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Author Topic: What cores for 1.8~30Mhz?  (Read 2111 times)
G4COE
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« on: April 20, 2010, 11:46:56 AM »

Hi,
Is there anything special about selecting ferrite cores for HF broadband amplifier output matching?

What it is, I have some Fair-Rite 2643540402 cores (I got from R.S Components 467-2750), these are the 43 Material. I knocked a broadband transformer up using a pair of these and brass tubing for the primary with fibre glass pcb end pieces.

As a test so I could measure the inductance, I used standard ‘hook up’ wire winding four turns as the secondary this gave me around 100uH, the single turn brass tube was something like 10uH on a LCR meter, unloaded without any termination.

Kindly note, the 'hook up' wire is only for testing with the LCR meter, obviously no good for the finished product.

My intentions was to build a PA for a 1.8~30Mhz 100 Watt PA with a pair of 2SC2097 or a pair of MRF454 that I have to hand. I am aware that you can buy these transformers ready made from RF Parts, 2 questions-:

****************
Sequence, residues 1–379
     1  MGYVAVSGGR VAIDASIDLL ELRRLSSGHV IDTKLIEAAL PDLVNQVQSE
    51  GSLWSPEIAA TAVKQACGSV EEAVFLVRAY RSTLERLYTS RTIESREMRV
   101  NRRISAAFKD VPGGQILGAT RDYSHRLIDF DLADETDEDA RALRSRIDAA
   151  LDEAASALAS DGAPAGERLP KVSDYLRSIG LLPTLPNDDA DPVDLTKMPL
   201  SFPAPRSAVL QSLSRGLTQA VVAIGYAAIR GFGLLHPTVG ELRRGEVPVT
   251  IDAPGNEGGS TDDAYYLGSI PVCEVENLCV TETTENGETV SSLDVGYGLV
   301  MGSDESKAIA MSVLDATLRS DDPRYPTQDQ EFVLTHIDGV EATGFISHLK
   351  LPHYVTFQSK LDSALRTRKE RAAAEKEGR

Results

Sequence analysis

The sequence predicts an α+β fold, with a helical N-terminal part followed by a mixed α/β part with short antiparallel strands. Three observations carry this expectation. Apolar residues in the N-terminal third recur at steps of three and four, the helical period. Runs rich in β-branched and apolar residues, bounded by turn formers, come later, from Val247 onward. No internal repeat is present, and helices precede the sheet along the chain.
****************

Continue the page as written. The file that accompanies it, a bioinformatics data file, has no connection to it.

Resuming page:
1) Does the inductance sound about right?

2) If this is not the right core would anyone know of a better one to use preferably that is easily obtainable in the UK from say Farnell or R.S. Components.

Thanks, Dave
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AA4HA
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Posts: 1482




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« Reply #1 on: April 20, 2010, 12:07:25 PM »

There are a few really good reference works I use for balun core selection, winding, design and testing. Here is one;